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Download The Fourth Star: Four Generals and the Epic Struggle for the Future of the United States Army Audiobook

Extended Audio Sample The Fourth Star: Four Generals and the Epic Struggle for the Future of the United States Army, by David Cloud, Greg Jaffe Click for printable size audiobook cover
3 out of 53 out of 53 out of 53 out of 53 out of 5 3.00 (223 ratings) (rate this audio book) Author: David Cloud, Greg Jaffe Narrator: Richard McGonagle Publisher: Penguin Random House Format: Abridged Audiobook Delivery: Instant Download Audio Length: Release Date:
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They were four exceptional soldiers, a new generation asked to save an army that had been hollowed out after Vietnam. They became the Army’s most influential generals in the crucible of Iraq. Collectively, their lives tell the story of the Army over the last four decades and illuminate the path it must travel to protect the nation over the next century. The careers of this elite quartet show how the most powerful military force in the world entered a major war unprepared, and how the Army, drawing on a reservoir of talent that few thought it possessed, saved itself from crushing defeat against a ruthless, low-tech foe. In The Fourth Star, you’ll follow:

  • General John Abizaid, one of the Army’s most brilliant minds.
  • General George Casey, Jr., the son of the highest-ranking general to be killed in the Vietnam War.
  • General Peter Chiarelli, an emotional, take-charge leader who felt the sting of the Army’s failures in Iraq.
  • General David Petraeus, a driven soldier-scholar. When he finally got his chance in Iraq, he changed the Army’s conception of what was possible.
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Quotes & Awards

  • Cloud and Jaffe are gifted writers, who use their access to these senior commanders to good effect. They provide a lively, personalized account of the successes and setbacks of the four highly able and ambitious servicemen as they climb the military career ladder.
  • Cloud and Jaffe have produced a worthwhile and fascinating account packed with many insights about officership, promotion and command in the army and civil-military relations. The Washington Post Book World
  • A sparkling account of today's U.S. Army–a work of art that offers novelistic details but also carries the impact of well-reported fact. I learned something on nearly every page, and much of it astonished me. This is the best book I've read on the military in a long time. Thomas E. Ricks, New York Times bestselling author of Fiasco and The Gamble
  • Important and illuminating . . . sheds light on the epic struggle now being waged within the U.S. military over whether to heed the hard lessons of the past eight years or bury them in the same forgetfulness that marked our post-Vietnam years. Linda Robinson, New York Times bestselling author of Tell Me How This Ends and Masters of Chaos
  • Compelling . . . Cloud and Jaffe provide us with an insider' s view of the war, drawn from remarkable access to the men who designed the battlefield strategy. . . . The Fourth Star is an eye-opening portrait of today's Army and the four men who have done more than any of their generation to shape it. Rajiv Chandrasekaran, author of the National Book Award finalist Imperial Life in the Emerald City
  • If you care about winning tomorrow's wars, then read this book. . . . Jaffe and Cloud draw intimate portraits of four members of the Army's high priesthood, and the implication is clear: The future of the Army is up for grabs. Nathaniel Fick, author of the New York Times bestseller One Bullet Away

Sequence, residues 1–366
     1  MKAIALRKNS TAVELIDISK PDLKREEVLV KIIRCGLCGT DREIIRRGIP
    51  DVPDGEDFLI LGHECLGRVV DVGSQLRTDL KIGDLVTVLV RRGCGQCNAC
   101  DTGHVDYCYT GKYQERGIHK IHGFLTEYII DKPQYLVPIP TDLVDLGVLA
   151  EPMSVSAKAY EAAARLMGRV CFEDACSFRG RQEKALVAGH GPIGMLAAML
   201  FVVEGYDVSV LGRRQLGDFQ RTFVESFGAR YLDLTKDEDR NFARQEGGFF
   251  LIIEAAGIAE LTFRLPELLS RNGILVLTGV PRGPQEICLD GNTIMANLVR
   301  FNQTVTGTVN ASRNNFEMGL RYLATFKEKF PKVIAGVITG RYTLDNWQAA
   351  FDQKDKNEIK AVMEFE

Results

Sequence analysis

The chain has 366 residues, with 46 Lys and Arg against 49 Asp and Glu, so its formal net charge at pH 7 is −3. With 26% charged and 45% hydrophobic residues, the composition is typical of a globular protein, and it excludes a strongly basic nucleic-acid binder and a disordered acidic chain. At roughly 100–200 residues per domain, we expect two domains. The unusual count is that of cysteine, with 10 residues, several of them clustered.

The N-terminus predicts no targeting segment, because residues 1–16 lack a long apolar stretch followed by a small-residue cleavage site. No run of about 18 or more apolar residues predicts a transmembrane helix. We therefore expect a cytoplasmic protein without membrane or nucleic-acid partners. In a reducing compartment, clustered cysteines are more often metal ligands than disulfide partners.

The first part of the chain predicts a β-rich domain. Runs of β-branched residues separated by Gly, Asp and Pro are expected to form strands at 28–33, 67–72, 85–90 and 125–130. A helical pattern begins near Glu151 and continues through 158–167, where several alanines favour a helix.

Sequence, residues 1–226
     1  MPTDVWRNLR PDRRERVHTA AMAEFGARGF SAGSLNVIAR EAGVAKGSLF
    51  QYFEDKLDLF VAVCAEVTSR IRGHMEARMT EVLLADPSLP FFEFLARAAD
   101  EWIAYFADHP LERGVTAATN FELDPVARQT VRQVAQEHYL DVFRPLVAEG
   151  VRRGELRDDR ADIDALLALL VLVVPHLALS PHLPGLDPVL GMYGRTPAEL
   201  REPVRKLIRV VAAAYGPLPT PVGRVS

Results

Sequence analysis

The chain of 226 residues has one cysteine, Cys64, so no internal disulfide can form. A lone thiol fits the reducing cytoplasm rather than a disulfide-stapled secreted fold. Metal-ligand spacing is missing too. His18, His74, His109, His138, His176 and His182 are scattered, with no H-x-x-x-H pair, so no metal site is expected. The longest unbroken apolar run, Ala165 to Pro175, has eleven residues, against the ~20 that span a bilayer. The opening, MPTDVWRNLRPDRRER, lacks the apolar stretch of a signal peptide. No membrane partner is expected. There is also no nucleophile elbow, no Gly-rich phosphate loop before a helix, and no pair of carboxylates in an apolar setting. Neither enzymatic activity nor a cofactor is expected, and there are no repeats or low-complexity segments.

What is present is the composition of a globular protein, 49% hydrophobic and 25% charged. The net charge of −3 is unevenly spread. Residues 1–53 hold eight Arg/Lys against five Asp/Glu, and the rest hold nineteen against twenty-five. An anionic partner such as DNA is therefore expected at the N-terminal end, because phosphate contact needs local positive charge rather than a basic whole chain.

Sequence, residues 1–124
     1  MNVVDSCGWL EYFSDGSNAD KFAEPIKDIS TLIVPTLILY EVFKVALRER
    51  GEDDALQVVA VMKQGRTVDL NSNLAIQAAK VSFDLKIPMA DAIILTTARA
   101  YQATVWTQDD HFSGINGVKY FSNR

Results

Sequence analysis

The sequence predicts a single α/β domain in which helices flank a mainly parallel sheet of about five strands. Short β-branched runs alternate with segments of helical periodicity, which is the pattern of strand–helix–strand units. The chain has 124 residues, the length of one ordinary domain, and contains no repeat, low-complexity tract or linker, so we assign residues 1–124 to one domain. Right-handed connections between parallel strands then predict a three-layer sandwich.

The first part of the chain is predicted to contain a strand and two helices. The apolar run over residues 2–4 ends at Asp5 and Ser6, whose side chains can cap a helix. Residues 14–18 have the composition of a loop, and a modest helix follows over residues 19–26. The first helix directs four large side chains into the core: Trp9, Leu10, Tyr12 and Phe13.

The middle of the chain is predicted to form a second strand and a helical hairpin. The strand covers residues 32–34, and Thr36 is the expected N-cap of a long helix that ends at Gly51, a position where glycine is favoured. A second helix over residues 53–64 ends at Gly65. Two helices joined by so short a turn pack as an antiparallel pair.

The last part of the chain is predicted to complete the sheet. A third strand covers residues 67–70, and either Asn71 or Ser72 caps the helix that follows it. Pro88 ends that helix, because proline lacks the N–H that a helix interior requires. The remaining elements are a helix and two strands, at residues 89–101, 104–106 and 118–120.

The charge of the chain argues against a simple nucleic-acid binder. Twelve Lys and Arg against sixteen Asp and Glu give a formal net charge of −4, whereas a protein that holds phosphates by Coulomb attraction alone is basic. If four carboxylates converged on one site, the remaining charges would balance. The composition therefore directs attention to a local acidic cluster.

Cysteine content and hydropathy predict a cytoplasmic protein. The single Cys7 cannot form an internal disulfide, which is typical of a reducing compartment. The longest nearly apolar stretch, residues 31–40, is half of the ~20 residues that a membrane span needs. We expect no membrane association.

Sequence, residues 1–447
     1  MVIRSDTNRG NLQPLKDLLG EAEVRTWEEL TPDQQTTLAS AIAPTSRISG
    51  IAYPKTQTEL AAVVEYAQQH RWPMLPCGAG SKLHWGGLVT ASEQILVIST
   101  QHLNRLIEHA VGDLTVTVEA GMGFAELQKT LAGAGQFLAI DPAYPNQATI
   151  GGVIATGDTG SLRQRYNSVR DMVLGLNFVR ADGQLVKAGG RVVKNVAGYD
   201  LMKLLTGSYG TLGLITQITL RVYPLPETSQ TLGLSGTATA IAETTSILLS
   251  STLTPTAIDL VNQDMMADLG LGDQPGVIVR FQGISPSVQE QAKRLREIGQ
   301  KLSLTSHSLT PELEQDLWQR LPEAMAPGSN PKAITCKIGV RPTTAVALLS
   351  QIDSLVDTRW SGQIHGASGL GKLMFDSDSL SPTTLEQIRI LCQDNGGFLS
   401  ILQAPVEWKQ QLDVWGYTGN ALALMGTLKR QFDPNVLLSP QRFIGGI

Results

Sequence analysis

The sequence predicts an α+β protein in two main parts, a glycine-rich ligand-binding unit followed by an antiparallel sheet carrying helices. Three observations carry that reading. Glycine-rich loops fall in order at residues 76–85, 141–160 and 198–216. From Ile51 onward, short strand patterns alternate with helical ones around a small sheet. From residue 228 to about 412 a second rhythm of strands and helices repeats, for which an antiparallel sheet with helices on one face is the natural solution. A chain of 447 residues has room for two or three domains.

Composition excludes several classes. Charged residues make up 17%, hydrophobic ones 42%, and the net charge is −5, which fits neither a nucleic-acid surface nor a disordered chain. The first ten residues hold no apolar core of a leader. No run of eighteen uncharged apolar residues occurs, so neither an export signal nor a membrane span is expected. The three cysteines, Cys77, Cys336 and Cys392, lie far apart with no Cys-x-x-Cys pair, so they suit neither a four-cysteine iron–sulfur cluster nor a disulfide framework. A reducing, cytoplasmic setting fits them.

• A fascinating, intimate look at the men who are leading our wars and trying to change America's largest institution, the U.S. Army. A must-read for students of history, leadership, and engrossing prose. Dana Priest, Pulitzer Prize—winning author of The Mission
  • This book will provoke envy, if not plain awe. The fact is, the Army gets it: The best do rise to the top, and the chosen few are not all the same. Too bad Wall Street didn't follow the four in this book. Bing West, author of No True Glory and The Strongest Tribe

Listener Opinions

  • 4 out of 54 out of 54 out of 54 out of 54 out of 5 by Devon Aguirre | 2/12/2014

    " this was a good analysis of the army's reluctance to adapt a well thought out counterinsurgency strategy in the wake of vietnam. "

  • 3 out of 53 out of 53 out of 53 out of 53 out of 5 by Chip | 2/9/2014

    " 3.5 stars. Good, and interesting, but lacks the depth of works such as The Looming Tower and Ghost Wars. Would have been better (although admittedly also then not quite the same book) with more on the changes and development of the armed forces rather than being so focused on the four main subjects. "

  • 2 out of 52 out of 52 out of 52 out of 52 out of 5 by Amar Pai | 2/7/2014

    " A lot of "hooah," but there's nothing especially revealing in here. Petraeus comes off as a tool. I guess "Absolutely American" made me think all these kinda books would be interesting, but really "Absolutely American" is way better than the usual. This book is the usual. "

  • 5 out of 55 out of 55 out of 55 out of 55 out of 5 by Steve Lavoie | 1/30/2014

    " A provocative account of the careers of four of the most influential leaders in the post-Vietnam Army. Detailing the Army's progress in developing intellectual officers who can think beyond the 'shut up and color' mentality historically demanded of our soldiers, the book provides a telling story and foreshadows the direction of US military action in the coming decades. A paralleling combination of multiple biographies and event-driven accounts, this is easily one of the greatest tomes in my leadership library. So fitting, that I completed this book on Memorial Day. "

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